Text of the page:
A growing population, gentrification, and a limited housing supply have created a housing affordability crisis in the District of Columbia. Gentrification is an ongoing process in the District of Columbia. This crisis has had a particularly severe impact on extremely low-income households. The New Communities Initiative (NCI) is one District program that has sought to address housing affordability for extremely low-income households. NCI's main goal is to replace distressed public housing with vibrant, mixed-income communities, based on a model widely used nationally through the HOPE VI program in the 1990s and early 2000s. The thesis considers the following research questions: 1) Has NCI been successful implementing its four key principles: one-for-one replacement, right to return, mixed-income, and Build First?; 2) What factors have helped or limited NCI’s success in delivering new affordable housing units?; and 3) Are the four identified key principles the necessary ingredients to solve the problems that public housing has faced in many major United States cities?
The thesis concludes that NCI has had mixed success in adhering to the four key principles. Notably, the Build First principle, whereby new affordable housing would be constructed before the demolition of existing public housing, has been a failure. Nonetheless, NCI has shown success, including being on track to replace all demolished public housing units. Ultimately, the mixed-income housing model has become obsolete, and cities should explore new and innovative ways to produce more housing affordable to extremely low-income households.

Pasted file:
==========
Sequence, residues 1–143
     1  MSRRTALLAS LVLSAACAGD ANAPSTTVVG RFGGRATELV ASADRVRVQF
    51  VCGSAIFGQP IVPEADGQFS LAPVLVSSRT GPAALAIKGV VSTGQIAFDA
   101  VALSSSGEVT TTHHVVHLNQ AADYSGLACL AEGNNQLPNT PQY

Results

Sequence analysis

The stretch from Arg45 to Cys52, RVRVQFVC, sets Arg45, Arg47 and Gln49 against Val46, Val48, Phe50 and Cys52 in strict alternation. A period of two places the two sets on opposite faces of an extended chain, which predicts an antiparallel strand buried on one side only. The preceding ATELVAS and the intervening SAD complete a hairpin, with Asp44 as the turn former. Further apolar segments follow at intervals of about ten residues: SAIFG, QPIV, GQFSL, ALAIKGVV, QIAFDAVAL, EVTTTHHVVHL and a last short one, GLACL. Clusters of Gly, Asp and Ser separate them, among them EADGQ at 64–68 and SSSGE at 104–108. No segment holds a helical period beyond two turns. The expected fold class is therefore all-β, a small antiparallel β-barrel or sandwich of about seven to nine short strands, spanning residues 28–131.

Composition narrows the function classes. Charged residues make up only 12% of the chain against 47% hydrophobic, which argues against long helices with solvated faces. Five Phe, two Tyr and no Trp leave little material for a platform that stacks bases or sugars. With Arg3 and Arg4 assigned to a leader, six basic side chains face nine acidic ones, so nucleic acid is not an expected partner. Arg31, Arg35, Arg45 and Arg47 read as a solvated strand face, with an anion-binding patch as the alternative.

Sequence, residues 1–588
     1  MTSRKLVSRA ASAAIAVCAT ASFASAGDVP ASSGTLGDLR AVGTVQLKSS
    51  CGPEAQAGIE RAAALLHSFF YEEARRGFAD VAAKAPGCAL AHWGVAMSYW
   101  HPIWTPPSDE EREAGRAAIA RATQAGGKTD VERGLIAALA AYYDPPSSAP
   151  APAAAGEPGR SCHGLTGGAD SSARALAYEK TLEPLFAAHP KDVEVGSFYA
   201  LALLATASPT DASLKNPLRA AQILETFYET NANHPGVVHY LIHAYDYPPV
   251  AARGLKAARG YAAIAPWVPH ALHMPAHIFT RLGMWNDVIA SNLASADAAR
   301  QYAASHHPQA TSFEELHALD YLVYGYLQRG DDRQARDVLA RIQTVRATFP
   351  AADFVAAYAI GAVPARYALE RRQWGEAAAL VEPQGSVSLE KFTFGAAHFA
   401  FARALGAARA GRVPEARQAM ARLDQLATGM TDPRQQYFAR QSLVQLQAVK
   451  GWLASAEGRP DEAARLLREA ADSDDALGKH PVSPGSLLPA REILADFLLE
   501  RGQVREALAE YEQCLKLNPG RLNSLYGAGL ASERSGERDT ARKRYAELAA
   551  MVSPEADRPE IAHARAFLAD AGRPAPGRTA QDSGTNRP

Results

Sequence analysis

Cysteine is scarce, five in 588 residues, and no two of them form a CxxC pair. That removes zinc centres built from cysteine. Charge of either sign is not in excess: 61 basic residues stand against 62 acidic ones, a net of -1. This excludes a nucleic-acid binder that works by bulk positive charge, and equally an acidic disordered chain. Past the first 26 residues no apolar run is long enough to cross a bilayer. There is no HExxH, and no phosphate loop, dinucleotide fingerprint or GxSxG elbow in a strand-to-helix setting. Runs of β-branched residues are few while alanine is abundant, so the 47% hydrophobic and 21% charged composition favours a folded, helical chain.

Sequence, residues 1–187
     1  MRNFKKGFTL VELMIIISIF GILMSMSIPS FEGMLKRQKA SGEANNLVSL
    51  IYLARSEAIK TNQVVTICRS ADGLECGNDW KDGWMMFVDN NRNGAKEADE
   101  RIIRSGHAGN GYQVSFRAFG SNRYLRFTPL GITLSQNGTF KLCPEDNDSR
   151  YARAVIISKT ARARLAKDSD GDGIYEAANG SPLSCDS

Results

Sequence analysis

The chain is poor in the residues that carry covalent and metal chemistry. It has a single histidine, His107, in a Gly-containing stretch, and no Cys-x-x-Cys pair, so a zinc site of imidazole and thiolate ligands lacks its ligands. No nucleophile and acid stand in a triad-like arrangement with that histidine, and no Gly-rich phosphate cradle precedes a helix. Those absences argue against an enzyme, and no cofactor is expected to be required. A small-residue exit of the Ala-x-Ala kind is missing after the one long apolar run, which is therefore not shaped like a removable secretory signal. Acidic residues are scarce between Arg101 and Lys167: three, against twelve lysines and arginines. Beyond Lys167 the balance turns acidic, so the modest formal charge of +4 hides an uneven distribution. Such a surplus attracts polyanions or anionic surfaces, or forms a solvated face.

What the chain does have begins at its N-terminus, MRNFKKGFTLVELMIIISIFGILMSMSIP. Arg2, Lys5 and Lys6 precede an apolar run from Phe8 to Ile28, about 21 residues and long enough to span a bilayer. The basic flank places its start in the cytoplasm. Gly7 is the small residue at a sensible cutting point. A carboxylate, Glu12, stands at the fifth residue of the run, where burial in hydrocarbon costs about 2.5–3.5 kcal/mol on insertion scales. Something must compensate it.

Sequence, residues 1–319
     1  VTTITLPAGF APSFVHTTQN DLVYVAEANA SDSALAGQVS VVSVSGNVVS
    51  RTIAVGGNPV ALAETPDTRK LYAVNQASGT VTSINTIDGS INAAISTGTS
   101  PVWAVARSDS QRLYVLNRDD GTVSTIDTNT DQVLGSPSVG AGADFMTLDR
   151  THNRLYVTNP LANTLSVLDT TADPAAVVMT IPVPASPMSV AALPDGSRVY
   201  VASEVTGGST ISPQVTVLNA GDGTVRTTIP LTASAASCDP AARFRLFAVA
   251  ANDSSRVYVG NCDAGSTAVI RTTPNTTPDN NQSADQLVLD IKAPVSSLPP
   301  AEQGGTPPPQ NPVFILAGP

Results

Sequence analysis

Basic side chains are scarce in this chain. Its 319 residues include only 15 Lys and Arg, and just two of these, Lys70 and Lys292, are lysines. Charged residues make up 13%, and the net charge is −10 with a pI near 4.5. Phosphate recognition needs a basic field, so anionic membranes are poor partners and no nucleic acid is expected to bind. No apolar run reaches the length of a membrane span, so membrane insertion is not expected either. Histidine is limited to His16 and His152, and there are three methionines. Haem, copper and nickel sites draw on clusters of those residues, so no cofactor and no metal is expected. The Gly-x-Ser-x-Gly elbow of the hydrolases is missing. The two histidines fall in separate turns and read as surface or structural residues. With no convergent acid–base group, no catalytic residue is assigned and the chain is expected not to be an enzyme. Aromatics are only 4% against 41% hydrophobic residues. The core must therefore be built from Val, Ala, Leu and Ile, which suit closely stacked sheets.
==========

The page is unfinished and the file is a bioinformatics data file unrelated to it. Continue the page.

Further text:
|Commitee:||Cullen, Declan, Price, Marie|
|School:||The George Washington University|
|School Location:||United States -- District of Columbia|
|Source:||MAI 81/11(E), Masters Abstracts International|
|Keywords:||Affordable housing, Gentrification, Mixed-income housing, New Communities Initiative, Public housing, Washington DC|
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